Walmart, Target, Home Depot top list of 50 most valuable U.S. retail brands
Dayton, Ohio — Walmart takes the top spot on a ranking of the most valuable U.S. retail brands from branding consultancy firm Interbrand. The discounter’s brand value is put at a whopping $139 billion. By comparision, the second highest ranked U.S. brand, Target Corp., has a value of $23 billion.
The annual Most Valuable Retail Brands report ranks the top 50 U.S. retail brands by brand value, as well as the top retail brands from the U.K., France, Germany, Spain, and the Asia Pacific. The U.S. brands are valued for the fourth time in collaboration with Interbrand Design Forum, Dayton, Ohio.
With the exception of a couple of shifts in positioning, the top 10 U.S. brands remain almost unchanged from last year. The one exception: eBay made the top 10 for the first time, replacing Dell, which is no longer eligible for contention with its shift from branded stores to its enterprise business. The fastest-growing brand in the top 10 is Amazon.com, whose brand value increased by 32% over last year.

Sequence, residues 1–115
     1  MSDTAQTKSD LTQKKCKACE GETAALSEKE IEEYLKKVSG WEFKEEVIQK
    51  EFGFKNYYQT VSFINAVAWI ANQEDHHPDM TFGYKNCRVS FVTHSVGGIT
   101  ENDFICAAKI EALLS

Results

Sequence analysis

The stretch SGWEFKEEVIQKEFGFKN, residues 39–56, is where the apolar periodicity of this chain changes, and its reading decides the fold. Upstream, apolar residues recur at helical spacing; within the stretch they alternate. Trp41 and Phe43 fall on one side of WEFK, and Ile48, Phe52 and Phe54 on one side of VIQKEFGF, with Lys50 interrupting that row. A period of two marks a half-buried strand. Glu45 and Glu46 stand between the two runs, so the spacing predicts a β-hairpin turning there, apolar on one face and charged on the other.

Here are the top 10 retail brands:
- Walmart (Brand value: $139,190 billion)
- Target ($23,444 billion)
- The Home Depot ($22.020 billion)
- CVS/pharmacy ($17,343 billion)
- Best Buy ($16,755 billion)
- Walgreens ($15,018 billion)
- Coach ($13,442 billion)
- Sam’s Club ($12,854 billion)
- Amazon.com ($12,758 billion)
- eBay ($9,805 billion)
"One of the most compelling lessons from the list is that the best brands didn’t stand idly by, waiting for further signs of recovery. They contributed to it by anticipating their customer’s desire to return — not to shopping as usual — but to something better," said Bruce Dybvad, CEO of Interbrand Design Forum. "For the most part, companies have invested in better store experiences and put more capabilities into the hands of their shoppers."